The Poughkeepsie Journal, one of America’s longest-running and most highly-regarded local newspapers, recently listed Clemson among their top-25 college campuses for outdoorsiness. This marks the school’s first year appearing on the 80-year-old University Outdoorsiness Index. Clemson, proud of this new ranking, plans to initiate a thorough marketing campaign in Dutchess County, New York, where the daily is still read by retired geriatrics.
Clemson made it onto the list at number 14, the Journal saying, “Clemson, with its many opportunities to be outdoors, has a certain ‘outdoorsy’ quality that makes it very attractive to students who wish to be outdoors.” The article went on to state that what separates Clemson from the colleges that miss the list is “They can be inside, but they can also be outside.”
The article graded each campus on many criteria such as Fresh Air Levels, Strength of the Cool Summer Breezes, and the Long-Walk-to–Sweatiness–Ratio. Clemson scored a 7, 8 or 9 on all of these rankings. But it was the specific activity categories that sealed Clemson’s ranking. While the article did mention the occasional pet feces minefield, Bowman Field managed to score high marks in the Frisbee Playing Conditions category for its “beautiful weather with minimal interfering winds.” Bowman was also mentioned highly in the Football, Soccer, and Shirtless-Volleyball-for-No-Other-Reason-Than-to-Show-Off-Your-Rockin’ Bod categories, the article praising both students’ ability to play the sports and their rockin’ bods.
Clemson also snagged the top title for its impressive disc golf conditions. The author noted that, “although it is a makeshift course, with goals like hitting lampposts and ‘do not enter’ signs, the fact that such a course is so popular and easy to learn shows how much these students love disc golf.” Allegedly, the author had a lot of trouble with Hole 9, the dumpster near Vickery Hall where one has to throw between two buildings and then dogleg right up the service road. It’s a par 5 and he reportedly needed 9 just to hit the dumpster.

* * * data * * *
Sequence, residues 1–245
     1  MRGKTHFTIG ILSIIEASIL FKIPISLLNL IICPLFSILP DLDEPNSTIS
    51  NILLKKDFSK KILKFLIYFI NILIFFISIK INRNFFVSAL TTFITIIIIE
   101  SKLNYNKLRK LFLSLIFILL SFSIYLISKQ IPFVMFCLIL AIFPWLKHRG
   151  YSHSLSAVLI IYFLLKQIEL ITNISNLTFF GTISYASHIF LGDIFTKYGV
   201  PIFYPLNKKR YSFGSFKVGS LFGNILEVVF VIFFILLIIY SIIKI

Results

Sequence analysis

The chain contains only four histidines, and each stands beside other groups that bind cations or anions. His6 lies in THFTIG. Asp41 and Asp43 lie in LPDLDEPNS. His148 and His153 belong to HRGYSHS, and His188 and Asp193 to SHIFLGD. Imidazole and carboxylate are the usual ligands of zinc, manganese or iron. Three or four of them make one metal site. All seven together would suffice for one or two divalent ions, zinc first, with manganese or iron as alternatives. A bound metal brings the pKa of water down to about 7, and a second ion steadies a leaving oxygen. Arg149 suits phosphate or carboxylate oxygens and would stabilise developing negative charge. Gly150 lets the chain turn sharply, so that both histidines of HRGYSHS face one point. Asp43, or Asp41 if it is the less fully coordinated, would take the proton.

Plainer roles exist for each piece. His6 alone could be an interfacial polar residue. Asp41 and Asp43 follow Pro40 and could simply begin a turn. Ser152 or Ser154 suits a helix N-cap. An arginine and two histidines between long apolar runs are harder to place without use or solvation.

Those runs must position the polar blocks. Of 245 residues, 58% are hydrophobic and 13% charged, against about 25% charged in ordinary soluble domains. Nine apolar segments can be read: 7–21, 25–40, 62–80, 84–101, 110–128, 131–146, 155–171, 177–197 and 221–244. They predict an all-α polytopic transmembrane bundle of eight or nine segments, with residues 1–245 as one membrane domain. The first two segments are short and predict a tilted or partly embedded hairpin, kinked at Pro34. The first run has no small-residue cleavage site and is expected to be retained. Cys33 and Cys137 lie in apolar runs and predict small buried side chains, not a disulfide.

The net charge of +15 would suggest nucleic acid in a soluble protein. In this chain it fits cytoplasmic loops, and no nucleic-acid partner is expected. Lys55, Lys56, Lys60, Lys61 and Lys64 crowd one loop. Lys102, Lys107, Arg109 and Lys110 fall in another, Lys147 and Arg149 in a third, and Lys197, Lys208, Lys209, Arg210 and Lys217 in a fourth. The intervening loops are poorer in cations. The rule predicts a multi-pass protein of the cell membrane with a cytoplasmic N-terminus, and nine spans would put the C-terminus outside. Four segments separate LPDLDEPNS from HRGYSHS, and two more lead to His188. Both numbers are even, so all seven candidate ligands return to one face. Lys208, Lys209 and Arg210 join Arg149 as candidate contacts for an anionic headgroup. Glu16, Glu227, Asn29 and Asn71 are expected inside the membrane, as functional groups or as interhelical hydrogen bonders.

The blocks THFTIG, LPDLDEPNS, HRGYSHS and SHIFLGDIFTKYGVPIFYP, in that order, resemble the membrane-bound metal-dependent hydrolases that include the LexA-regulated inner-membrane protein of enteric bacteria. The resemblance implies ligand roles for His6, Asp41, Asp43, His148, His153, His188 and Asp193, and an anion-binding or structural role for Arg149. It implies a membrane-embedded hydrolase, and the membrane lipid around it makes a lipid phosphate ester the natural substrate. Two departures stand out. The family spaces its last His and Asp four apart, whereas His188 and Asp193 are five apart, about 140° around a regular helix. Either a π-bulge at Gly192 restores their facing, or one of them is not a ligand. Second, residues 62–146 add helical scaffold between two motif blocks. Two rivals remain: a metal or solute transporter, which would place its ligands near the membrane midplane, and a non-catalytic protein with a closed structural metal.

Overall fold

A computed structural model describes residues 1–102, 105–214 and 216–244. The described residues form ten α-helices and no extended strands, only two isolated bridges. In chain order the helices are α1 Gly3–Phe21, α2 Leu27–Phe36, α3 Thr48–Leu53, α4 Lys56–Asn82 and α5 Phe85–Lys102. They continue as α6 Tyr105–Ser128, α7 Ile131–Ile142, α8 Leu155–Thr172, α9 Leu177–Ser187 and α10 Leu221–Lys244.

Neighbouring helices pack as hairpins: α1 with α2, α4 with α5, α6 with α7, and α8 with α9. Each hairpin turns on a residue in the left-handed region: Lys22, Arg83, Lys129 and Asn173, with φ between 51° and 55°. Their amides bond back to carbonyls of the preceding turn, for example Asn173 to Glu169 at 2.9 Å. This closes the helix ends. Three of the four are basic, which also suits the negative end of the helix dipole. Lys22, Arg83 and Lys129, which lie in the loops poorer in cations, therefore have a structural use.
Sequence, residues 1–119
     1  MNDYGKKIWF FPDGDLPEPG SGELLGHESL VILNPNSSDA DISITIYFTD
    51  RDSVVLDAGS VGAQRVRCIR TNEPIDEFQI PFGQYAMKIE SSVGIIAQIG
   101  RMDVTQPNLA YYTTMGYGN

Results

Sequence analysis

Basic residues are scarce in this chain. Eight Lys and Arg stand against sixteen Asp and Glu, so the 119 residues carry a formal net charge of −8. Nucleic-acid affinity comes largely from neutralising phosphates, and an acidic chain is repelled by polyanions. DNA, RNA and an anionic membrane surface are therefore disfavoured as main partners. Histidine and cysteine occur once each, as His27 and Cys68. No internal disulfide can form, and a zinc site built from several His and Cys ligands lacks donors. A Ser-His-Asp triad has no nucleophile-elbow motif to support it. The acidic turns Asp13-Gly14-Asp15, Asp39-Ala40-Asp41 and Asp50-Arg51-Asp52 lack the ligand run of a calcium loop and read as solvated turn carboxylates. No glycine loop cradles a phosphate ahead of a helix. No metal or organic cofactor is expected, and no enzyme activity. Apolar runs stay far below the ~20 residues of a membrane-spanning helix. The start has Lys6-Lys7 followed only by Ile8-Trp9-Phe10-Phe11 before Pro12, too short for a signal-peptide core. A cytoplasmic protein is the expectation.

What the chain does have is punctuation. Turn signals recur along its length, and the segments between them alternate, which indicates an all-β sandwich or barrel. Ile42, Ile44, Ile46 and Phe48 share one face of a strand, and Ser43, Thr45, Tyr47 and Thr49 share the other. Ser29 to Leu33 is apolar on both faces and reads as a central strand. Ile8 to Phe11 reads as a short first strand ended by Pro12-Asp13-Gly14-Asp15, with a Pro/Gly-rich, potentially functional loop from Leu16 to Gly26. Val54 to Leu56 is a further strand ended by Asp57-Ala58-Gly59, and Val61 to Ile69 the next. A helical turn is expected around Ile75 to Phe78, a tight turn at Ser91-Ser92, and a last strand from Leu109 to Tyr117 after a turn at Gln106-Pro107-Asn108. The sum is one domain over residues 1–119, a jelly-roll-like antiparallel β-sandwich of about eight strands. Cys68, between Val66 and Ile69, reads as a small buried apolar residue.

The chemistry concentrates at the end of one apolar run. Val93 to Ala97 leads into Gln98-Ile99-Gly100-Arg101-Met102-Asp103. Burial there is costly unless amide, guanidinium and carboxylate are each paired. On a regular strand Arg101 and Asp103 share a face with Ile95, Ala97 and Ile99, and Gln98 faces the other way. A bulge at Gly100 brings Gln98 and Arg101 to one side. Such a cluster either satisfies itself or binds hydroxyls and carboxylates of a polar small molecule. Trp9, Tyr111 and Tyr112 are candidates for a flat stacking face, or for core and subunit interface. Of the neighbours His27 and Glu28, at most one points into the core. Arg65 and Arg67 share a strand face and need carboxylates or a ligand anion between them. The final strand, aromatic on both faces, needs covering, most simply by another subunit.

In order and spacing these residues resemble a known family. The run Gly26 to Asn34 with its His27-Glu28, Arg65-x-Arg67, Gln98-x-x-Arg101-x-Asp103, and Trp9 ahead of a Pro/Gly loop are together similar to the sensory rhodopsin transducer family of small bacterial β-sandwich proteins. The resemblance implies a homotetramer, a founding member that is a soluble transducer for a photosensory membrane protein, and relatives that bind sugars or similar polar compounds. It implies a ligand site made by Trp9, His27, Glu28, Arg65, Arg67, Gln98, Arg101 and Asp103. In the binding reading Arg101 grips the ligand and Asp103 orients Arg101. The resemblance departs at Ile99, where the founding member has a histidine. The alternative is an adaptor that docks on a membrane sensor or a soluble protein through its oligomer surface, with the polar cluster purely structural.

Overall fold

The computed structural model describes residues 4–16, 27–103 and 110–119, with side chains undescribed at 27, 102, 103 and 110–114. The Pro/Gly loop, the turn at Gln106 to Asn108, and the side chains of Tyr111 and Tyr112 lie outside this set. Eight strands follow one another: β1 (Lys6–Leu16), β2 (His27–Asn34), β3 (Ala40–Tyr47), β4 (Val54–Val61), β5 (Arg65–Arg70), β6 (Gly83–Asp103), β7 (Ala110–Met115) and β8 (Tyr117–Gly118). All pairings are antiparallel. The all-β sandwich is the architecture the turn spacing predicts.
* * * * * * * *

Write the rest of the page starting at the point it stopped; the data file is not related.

Horseshoes, scoring an 8, Kick the Can, a 7, and Double-Dutch a strong 9, are just a few of the other categories in which Clemson scored well. The ranking blurb explained that Clemson had great grass for horseshoes—the writer was especially happy with the college’s choice to stick with natural grass, which is harder to maintain but provides better bounce, as well as the great long sidewalks like those alongside Bowman Field and Library Bridge, perfect for kicking cans across. The writer even commented on catching by chance, “Some of the greatest double-dutch I’ve ever seen beneath the Library Bridge.”
Clemson, sadly, scored average on Parkour, the article stating that “while Clemson had lots of great buildings near each other at varying heights with good fixtures to jump on and then off of again, the campus was too hilly as a whole, making the terrain less dynamic for true parkour—5.”
Sadly, another area in which Clemson suffered was the Hopscotch Terrain category, which was described in the article as “clearly lacking.” The writer went on to claim that, “there really wasn’t much in the way of hopscotch being played on campus, which must be due to the poor hopping conditions.” The article suggests widening the sidewalks in certain areas and leaving chalk for the players to use.
Clemson’s only response to the negative feedback in the article was a promise to continue to work towards making it into the top ten, adding that, “every ranking is equally important to us.” The Clemson representative, Arthur Shouldbehigher, then proceeded to list all the rankings the college had received, promptly putting this writer to sleep.